Regarding the “Manhattan Declaration,” which he discusses with leading 2012 Republican Presidential candidate Mike Huckabee here —
As Hate propaganda goes it’s fairly clever. Drafted October 20, 2009 & Released November 20, 2009 it’s preety pro forma in its veneer of piety and oppostion to abortion. It really gets down to busienss, however in THIS passage
“The impulse to redefine marriage in order to recognize same-sex and multiple partner relationships is a symptom, rather than the cause, of the erosion of the marriage culture. It reflects a loss of understanding of the meaning of marriage as embodied in our civil and religious law and in the philosophical tradition that contributed to shaping the law. Yet it is critical that the impulse be resisted, for yielding to it would mean abandoning the possibility of restoring a sound understanding of marriage and, with it, the hope of rebuilding a healthy marriage culture. It would lock into place the false and destructive belief that marriage is all about romance and other adult satisfactions, and not, in any intrinsic way, about procreation and the unique character and value of acts and relationships whose meaning is shaped by their aptness for the generation, promotion and protection of life. In spousal communion and the rearing of children (who, as gifts of God, are the fruit of their parents’ marital love), we discover the profound reasons for and benefits of the marriage covenant.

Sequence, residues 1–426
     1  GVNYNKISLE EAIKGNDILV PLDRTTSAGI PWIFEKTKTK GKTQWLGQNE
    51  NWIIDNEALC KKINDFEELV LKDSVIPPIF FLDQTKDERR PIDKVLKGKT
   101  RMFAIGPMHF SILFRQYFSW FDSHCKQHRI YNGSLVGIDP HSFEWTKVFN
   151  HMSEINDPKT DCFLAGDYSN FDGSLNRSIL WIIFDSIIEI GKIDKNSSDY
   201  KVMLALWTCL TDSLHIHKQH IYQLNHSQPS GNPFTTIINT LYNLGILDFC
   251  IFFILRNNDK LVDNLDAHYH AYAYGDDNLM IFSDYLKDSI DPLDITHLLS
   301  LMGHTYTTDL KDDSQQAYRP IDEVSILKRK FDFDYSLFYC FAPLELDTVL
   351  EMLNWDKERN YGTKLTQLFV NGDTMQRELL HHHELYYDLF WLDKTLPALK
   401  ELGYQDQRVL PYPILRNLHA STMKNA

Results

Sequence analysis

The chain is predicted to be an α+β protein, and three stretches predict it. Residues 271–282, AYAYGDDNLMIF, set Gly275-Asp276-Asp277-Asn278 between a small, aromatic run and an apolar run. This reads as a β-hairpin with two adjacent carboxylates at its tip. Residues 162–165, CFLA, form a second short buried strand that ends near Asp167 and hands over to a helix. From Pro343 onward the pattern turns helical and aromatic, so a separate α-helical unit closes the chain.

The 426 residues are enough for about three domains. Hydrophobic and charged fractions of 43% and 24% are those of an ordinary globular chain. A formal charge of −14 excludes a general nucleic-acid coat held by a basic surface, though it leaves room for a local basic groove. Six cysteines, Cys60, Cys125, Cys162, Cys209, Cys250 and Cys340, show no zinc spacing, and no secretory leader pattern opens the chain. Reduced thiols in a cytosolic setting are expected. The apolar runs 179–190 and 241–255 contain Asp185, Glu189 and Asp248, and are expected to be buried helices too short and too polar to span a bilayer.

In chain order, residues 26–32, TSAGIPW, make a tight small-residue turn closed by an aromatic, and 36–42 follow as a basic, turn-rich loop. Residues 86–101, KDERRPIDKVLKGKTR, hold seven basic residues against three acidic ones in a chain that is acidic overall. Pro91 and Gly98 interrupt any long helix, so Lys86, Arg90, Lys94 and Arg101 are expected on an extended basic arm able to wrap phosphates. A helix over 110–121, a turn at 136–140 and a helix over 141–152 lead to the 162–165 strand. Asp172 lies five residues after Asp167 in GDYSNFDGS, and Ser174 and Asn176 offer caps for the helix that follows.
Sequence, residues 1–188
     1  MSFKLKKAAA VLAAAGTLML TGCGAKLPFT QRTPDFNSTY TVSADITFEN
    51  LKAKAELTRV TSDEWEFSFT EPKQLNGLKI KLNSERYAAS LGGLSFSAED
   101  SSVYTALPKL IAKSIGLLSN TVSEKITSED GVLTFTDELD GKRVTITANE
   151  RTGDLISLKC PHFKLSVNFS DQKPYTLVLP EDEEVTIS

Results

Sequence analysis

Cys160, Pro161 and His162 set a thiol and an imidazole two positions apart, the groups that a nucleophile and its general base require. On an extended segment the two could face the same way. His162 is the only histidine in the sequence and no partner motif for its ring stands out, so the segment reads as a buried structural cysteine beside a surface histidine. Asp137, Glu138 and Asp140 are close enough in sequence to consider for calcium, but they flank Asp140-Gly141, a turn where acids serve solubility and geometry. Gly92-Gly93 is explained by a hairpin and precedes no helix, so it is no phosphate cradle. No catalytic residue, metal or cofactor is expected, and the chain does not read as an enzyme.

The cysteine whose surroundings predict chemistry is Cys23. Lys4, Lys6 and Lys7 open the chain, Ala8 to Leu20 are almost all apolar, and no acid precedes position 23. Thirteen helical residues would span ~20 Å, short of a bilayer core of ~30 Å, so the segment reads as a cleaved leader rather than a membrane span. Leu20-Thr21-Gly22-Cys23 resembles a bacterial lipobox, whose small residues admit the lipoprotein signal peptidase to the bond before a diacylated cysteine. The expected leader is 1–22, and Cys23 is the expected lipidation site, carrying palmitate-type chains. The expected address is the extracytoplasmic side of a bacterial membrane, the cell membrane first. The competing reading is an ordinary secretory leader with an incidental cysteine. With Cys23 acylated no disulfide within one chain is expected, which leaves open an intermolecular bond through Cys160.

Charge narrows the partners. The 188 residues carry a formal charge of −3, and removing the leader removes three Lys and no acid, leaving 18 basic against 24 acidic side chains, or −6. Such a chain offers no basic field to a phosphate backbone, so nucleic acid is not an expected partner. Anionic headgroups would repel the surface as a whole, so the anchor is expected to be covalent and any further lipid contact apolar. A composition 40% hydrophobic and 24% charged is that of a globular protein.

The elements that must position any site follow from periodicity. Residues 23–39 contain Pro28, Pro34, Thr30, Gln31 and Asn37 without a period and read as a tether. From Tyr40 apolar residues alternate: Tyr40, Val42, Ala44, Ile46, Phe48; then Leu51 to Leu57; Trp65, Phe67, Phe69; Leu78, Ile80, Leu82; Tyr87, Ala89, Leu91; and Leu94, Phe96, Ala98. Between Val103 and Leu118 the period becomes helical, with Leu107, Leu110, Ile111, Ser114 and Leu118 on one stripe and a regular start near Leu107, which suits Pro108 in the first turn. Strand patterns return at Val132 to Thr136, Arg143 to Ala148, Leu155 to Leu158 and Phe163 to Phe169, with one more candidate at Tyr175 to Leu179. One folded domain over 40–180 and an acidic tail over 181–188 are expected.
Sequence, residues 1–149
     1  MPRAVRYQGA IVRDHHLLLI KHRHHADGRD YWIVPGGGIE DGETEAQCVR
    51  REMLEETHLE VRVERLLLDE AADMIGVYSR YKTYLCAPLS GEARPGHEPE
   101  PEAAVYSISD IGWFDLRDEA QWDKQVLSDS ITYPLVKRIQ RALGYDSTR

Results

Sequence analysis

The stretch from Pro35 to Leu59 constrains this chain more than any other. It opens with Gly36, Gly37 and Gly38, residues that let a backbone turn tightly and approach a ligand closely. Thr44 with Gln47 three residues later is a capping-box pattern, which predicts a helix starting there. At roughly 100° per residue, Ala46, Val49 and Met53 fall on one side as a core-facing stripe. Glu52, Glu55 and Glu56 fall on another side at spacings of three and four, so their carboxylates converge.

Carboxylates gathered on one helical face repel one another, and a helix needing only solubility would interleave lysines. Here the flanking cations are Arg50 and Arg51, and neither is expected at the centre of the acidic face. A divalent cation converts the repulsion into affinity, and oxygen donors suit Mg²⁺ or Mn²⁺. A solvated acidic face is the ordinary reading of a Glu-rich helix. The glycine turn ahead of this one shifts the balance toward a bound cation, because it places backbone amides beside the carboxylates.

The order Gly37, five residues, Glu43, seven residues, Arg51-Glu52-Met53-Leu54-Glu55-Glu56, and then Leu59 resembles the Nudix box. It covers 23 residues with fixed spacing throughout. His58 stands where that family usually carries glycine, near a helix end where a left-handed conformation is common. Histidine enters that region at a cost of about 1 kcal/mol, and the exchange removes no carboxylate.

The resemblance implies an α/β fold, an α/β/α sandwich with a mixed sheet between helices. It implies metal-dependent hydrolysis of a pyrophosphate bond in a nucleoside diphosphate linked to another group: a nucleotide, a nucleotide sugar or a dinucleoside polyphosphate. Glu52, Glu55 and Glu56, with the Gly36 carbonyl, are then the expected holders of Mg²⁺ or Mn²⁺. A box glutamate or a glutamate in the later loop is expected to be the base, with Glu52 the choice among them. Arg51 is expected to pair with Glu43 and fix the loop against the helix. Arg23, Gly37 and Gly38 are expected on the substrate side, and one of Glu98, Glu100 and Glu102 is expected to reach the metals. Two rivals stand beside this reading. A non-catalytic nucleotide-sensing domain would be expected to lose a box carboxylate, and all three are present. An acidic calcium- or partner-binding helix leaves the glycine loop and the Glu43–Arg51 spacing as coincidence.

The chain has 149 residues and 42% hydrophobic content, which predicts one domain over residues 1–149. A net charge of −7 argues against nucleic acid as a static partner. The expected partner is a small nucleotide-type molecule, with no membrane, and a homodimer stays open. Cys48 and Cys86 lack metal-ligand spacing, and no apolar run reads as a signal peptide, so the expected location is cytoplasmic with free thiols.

We acknowledge that there are those who are disposed towards homosexual and polyamorous conduct and relationships, just as there are those who are disposed towards other forms of immoral conduct. We have compassion for those so disposed; we respect them as human beings possessing profound, inherent, and equal dignity; and we pay tribute to the men and women who strive, often with little assistance, to resist the temptation to yield to desires that they, no less than we, regard as wayward. We stand with them, even when they falter. We, no less than they, are sinners who have fallen short of God’s intention for our lives. We, no less than they, are in constant need of God’s patience, love and forgiveness. We call on the entire Christian community to resist sexual immorality, and at the same time refrain from disdainful condemnation of those who yield to it. Our rejection of sin, though resolute, must never become the rejection of sinners. For every sinner, regardless of the sin, is loved by God, who seeks not our destruction but rather the conversion of our hearts. Jesus calls all who wander from the path of virtue to “a more excellent way.” As his disciples we will reach out in love to assist all who hear the call and wish to answer it.